Skip to content

Clojure Performanceλ︎

Two excellent presentations on Clojure performance

Optimising the critical pathλ︎

Using two of Clojure's fundamental building blocks, macros and higher order functions, Clojure code can be sped up significantly without sacrificing common idioms.

Premature optimisation is the root of all evil, this is not a reason to pass up opportunities to improve the critical 3%.

Naked Performanceλ︎

Lessons learned on building Clojure/Script systems that are both ridiculously fast and will fail fast on errors.

Compare the performance of mutable, persistent & zero-copy data structures, showing how to use interpreters and compilers to build beautiful and performant abstractions.

A shot demo on building a simple non-blocking web server that runs idiomatic Clojure to serve millions of requests per second.

Advanced typesλ︎

Clojure support for Java Primitives

Clojure has support for high-performance with Java primitive types in local contexts. All Java primitive types are supported: int, float, long, double, boolean, char, short, and byte. In the extremely rare occasions where this is needed, it is added via metadata and therefore only adds to the existing code without rewriting it.

Rather than write this Java:

static public float asum(float[] xs){
  float ret = 0;
  for(int i = 0; i < xs.length; i++)
    ret += xs[i];
  return ret;

you can write this Clojure:

(defn asum [^floats xs]
  (areduce xs i ret (float 0)
    (+ ret (aget xs i))))

and the resulting code is exactly the same speed (when run with java -server).

Optimization tips for typesλ︎

All arguments are passed to Clojure fns as objects, so there's no point to putting non-array primitive type hints on fn args. Instead, use the let technique shown to place args in primitive locals if they need to participate in primitive arithmetic in the body. (let [foo (int bar)] ...) is the correct way to get a primitive local. Do not use ^Integer etc.

Don't rush to unchecked math unless you want truncating operations. HotSpot does a good job at optimizing the overflow check, which will yield an exception instead of silent truncation. On a typical example, that has about a 5% difference in speed - well worth it. Also, people reading your code don't know if you are using unchecked for truncation or performance - best to reserve it for the former and comment if the latter.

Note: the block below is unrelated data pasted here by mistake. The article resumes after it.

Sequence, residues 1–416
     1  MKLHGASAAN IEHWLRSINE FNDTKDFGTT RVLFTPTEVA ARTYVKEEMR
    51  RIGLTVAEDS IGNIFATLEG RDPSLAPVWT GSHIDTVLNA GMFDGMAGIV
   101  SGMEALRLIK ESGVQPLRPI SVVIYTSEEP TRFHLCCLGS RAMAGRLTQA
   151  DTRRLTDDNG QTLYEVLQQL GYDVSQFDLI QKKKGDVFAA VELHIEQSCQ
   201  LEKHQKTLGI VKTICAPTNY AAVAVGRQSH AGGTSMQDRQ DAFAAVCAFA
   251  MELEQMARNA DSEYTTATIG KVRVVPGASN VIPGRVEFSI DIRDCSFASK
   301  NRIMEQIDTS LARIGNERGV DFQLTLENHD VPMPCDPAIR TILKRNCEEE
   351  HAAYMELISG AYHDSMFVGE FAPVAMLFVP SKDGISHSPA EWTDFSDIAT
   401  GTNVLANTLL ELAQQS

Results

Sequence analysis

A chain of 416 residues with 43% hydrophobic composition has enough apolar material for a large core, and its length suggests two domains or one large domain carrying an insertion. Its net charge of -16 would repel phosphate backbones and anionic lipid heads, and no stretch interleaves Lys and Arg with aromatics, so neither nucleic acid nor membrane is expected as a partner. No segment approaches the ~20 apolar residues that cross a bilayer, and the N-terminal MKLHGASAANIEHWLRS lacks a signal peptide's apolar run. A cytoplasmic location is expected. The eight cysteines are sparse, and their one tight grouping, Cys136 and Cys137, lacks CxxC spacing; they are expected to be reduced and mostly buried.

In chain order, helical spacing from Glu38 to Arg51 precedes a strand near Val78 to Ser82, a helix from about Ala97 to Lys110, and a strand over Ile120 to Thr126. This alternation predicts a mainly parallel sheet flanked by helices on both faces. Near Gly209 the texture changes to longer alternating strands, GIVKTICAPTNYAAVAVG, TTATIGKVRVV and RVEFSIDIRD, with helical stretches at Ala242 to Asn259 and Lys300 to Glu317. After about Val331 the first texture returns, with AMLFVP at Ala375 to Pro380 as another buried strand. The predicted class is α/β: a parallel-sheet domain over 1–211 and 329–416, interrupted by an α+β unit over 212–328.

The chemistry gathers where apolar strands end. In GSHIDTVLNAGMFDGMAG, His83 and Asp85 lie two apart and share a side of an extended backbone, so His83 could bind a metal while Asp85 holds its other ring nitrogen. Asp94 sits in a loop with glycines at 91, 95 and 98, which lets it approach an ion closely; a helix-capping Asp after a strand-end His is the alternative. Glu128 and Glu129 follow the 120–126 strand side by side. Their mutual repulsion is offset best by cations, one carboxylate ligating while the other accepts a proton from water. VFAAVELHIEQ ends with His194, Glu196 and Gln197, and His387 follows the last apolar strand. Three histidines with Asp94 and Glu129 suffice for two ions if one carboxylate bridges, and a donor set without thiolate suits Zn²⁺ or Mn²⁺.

There's usually no point in trying to optimize an outer loop, in fact it can hurt you as you'll be representing things as primitives which just have to be re-boxed in order to become args to the inner call. The only exception is reflection warnings - you must get rid of them in any code that gets called frequently.

Almost every time someone presents something they are trying to optimize with hints, the faster version has far fewer hints than the original. If a hint doesn't improve things in the end - take it out.

Many people seem to presume only the unchecked- ops do primitive arithmetic - not so. When the args are primitive locals, regular + and * etc do primitive math with an overflow check - fast and safe.

So, the simplest route to fast math is to leave the operators alone and just make sure the source literals and locals are primitive. Arithmetic on primitives yields primitives. If you've got a loop (which you probably do if you need to optimize) make sure the loop locals are primitives first - then if you accidentally are producing a boxed intermediate result you'll get an error on recur. Don't solve that error by coercing your intermediate result, instead, figure out what argument or local is not primitive.